In Brief:  Inventorship can be based on unclaimed improvements that are necessary for enabling the invention to work. 

Here’s What Happened:  

Steve Campbell invented a container for transporting gaseous fluids consisting of an insulated housing, pressure vessels and port bosses. But his prototypes suffered from numerous problems, including slippage of the port boss on the vessel's liner. The invention could not be considered complete until the problems were solved. Without a complete invention, Steve couldn’t file a patent application.

Steve approached Gary Mackay and Dan Hewson’s company, to help fix the problems. Gary and Dan provided Steve with drawings that showed how to solve the port boss problem.

Steve went on to obtain a patent.

Gary and Dan sued Steve to be named as inventors on the patent. The district court found that Gary and Dan’s had contributed significantly to the invention and so should have been named as inventors. Steve appealed to the Federal Circuit Court of Appeals.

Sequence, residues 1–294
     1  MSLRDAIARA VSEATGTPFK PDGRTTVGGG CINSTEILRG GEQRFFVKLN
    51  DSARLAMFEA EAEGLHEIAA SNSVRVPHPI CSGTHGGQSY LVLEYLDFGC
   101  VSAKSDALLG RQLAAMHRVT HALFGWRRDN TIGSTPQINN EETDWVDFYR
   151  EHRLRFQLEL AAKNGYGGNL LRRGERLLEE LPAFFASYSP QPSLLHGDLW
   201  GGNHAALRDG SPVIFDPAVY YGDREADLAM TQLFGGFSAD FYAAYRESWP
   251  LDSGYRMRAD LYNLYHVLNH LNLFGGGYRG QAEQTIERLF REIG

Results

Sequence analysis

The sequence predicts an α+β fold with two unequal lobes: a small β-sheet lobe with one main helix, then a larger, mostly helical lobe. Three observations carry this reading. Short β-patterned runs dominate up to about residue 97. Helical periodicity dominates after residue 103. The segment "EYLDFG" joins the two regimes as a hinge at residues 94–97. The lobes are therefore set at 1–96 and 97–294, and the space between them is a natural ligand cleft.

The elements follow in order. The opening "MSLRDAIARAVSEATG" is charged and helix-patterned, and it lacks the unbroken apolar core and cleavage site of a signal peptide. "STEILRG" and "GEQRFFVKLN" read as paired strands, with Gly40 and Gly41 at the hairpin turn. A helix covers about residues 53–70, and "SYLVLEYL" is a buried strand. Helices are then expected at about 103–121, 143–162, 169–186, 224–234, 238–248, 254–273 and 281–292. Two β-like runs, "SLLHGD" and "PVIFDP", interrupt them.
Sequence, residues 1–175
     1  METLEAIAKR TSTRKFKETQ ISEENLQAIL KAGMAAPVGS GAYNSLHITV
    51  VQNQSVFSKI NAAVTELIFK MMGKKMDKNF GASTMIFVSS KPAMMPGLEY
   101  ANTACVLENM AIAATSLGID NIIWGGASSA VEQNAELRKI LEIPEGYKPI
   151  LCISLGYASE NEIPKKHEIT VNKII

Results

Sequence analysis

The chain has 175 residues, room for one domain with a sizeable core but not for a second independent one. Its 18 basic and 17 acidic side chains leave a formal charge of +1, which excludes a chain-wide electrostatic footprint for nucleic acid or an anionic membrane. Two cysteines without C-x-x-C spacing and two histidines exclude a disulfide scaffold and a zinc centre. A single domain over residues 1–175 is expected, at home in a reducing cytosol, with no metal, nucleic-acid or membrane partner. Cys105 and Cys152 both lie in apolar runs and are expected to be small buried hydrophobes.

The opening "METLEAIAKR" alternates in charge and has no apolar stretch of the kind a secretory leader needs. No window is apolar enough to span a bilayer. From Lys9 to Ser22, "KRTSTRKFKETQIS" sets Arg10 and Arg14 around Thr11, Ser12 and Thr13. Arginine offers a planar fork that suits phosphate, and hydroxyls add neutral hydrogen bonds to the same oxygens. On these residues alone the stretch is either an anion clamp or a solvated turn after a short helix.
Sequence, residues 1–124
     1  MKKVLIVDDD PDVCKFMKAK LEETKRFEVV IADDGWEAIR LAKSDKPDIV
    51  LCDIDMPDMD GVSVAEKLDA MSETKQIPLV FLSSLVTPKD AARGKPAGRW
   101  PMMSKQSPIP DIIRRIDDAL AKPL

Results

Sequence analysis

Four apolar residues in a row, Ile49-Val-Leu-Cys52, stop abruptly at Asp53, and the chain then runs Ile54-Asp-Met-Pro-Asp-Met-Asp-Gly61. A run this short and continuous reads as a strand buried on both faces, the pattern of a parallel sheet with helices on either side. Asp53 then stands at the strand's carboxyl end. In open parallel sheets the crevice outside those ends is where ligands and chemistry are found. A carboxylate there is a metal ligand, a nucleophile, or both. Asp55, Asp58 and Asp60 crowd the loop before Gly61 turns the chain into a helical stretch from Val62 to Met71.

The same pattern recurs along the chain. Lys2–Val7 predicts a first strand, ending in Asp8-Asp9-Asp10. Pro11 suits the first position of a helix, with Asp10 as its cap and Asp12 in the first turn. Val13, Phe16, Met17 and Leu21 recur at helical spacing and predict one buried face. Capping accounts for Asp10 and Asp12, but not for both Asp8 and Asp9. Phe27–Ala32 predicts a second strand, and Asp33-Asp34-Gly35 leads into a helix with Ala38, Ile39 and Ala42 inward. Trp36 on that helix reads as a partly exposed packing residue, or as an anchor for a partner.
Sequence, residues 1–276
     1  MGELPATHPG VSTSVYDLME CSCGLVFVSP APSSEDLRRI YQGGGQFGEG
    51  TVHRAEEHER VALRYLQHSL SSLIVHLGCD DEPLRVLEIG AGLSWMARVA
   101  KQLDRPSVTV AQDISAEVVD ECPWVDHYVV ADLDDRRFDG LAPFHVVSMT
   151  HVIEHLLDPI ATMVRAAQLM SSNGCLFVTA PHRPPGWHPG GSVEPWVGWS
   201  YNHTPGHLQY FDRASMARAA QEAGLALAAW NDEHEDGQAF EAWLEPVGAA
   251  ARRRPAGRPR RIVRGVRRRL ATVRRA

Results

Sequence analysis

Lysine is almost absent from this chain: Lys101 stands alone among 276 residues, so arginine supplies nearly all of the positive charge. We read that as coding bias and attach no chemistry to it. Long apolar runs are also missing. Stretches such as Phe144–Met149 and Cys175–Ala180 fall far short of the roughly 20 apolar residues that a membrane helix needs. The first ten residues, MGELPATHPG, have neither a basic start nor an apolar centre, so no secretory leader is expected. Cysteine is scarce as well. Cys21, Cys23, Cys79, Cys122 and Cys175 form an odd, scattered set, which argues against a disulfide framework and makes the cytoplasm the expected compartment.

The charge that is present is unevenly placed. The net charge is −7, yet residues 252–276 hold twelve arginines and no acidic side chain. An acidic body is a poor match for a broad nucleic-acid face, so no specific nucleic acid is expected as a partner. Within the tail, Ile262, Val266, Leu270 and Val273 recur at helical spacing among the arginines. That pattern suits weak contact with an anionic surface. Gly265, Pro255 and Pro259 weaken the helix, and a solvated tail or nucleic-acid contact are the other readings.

Steve argued that Gary and Dan’s contributions to the invention did not appear in the claims. So Gary and Dan shouldn’t be named as inventors. The Circuit Court disagreed that the naming improvements in claims is required for inventorship. Gary and Dan’s improvements may have been unclaimed but they contributed to the conception of the invention. Prior to their involvement, Steve didn’t have an idea that could be reduced to practice with ordinary skill without extensive research or experimentation.

The Circuit Court affirmed the district court’s judgment.

Why You Should Know This: Everyone who contributes significantly to a patent have to be named as inventors. It’s a statutory requirement. Steve is now faced with having co-inventors who have not agreed to assign their interest in the patent to Steve or his company. This serves as a reminder to make sure that the relationship among inventors is properly documented at the outset (including proper assignments).

Case Information: Tube-Mac Industries, Inc., Gary Mackay, Dan Hewson, v. Steve Campbell, Tranzgaz, Inc., 2024 WL 1132229  (Fed. Cir. Mar. 15, 2024)

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